As the divestment by International Oil Companies (IOCs) gathers steam, many issues are yearning for answers in the oil sector. Key among these issues are abandonment, decommissioning, oil theft, pipeline vandalism, mounting court cases, and the environmental pollution. KINGSLEY JEREMIAH, writes on the issues and the way forward.
For over a decade, some International Oil Companies (IOCs) that are operating in Nigeria have been divesting their portfolio. Among other things, those affected are eager to leave the shallow water, but still, maintain their businesses in the deep water, and in the downstream for those that have an interest there. But their actions come at a cost – curse and blessing served on the same plate.
However, while landmark opportunities could be created from the divestment of onshore assets by the IOCs, there are concerns about indigenous firms’ preparedness to take over these assets amid lingering challenges.
Legal battles, decommissioning worth billions of dollars, weak infrastructure, and existing battles on general cleanup and compensation for oil and gas producing communities top the list of challenges that may make or mar most indigenous companies apart from existing issues of vandalism and oil theft. This is as many of the IOCs have restated their interest in consolidating their offshore capacity, relinquishing the onshore assets to indigenous players.
In 2011, an indigenous firm, ND Western, sealed an agreement and acquired a 45 per cent stake in OML 34, onshore Nigeria from Shell Petroleum Development Company (SPDC), Total E&P Nigeria Ltd, and Nigeria Agip Oil Company.
From 2010 to 2015, divestment by Shell in Nigeria included interests in OMLs 4, 38, and 41, which were sold on July 30, 2010. Others are OMLs 26 and 42, which were sold on November 30, 2011; OML 40 on August 31, 2012; OML 34 on September 5, 2012, and OML 30 on November 9, 2012, respectively.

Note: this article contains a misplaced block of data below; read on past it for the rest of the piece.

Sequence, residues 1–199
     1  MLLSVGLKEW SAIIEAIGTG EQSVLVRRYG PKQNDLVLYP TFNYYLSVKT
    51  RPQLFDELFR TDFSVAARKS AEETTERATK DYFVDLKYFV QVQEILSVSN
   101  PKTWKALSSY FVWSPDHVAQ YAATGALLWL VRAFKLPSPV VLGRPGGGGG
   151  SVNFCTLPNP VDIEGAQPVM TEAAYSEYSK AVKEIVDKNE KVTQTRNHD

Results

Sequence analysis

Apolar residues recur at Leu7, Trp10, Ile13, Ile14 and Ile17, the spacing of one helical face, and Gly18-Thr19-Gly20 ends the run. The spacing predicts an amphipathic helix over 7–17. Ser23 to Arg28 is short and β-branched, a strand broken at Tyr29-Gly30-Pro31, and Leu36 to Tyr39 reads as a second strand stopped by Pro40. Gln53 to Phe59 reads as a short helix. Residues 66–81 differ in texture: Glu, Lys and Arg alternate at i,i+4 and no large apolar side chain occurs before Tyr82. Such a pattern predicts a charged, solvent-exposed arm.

OMLs 4, 38, and 41 were acquired and operated by Seplat Petroleum Development Company. OMLs 26, 30, 34, 40, and 42 were acquired by the Nigerian Petroleum Development Company (NPDC) also the operator.
In 2014, Aiteo Group acquired OML 29 from Shell Petroleum Development Company, SPDC along with Nembe Creek Trunk Line, and associated crude oil pipeline. The transaction stood at $2.7b following approval by the defunct Department of Petroleum Resources.
In July 2021, Shell unveiled plans to sell its shallow water and onshore assets. This is as Total, which has been in the country for over 60 years, with more than 1,600 employees announced in January last year, the completion of the divestment of its 10 per cent interest in onshore Oil Mining Lease (OML) 17 to a Nigerian company, TNOG Oil & Gas Limited, a subsidiary of Heirs Holdings Limited, and Transnational Corporation of Nigeria Plc (Transcorp), for about $180 million.
Still at loggerheads, earlier this year, Seplat Energy Plc., said it struck an agreement to acquire the entire share capital of Mobil Producing Nigeria Unlimited from Exxon Mobil Corporation, Delaware, United States (US) for $1.28b. The transaction is reminiscent of the $1.5b ConocoPhillips Nigerian operation acquisition by Oando Plc., in 2014 and entails the acquisition of ExxonMobil Nigeria’s entire offshore shallow water business.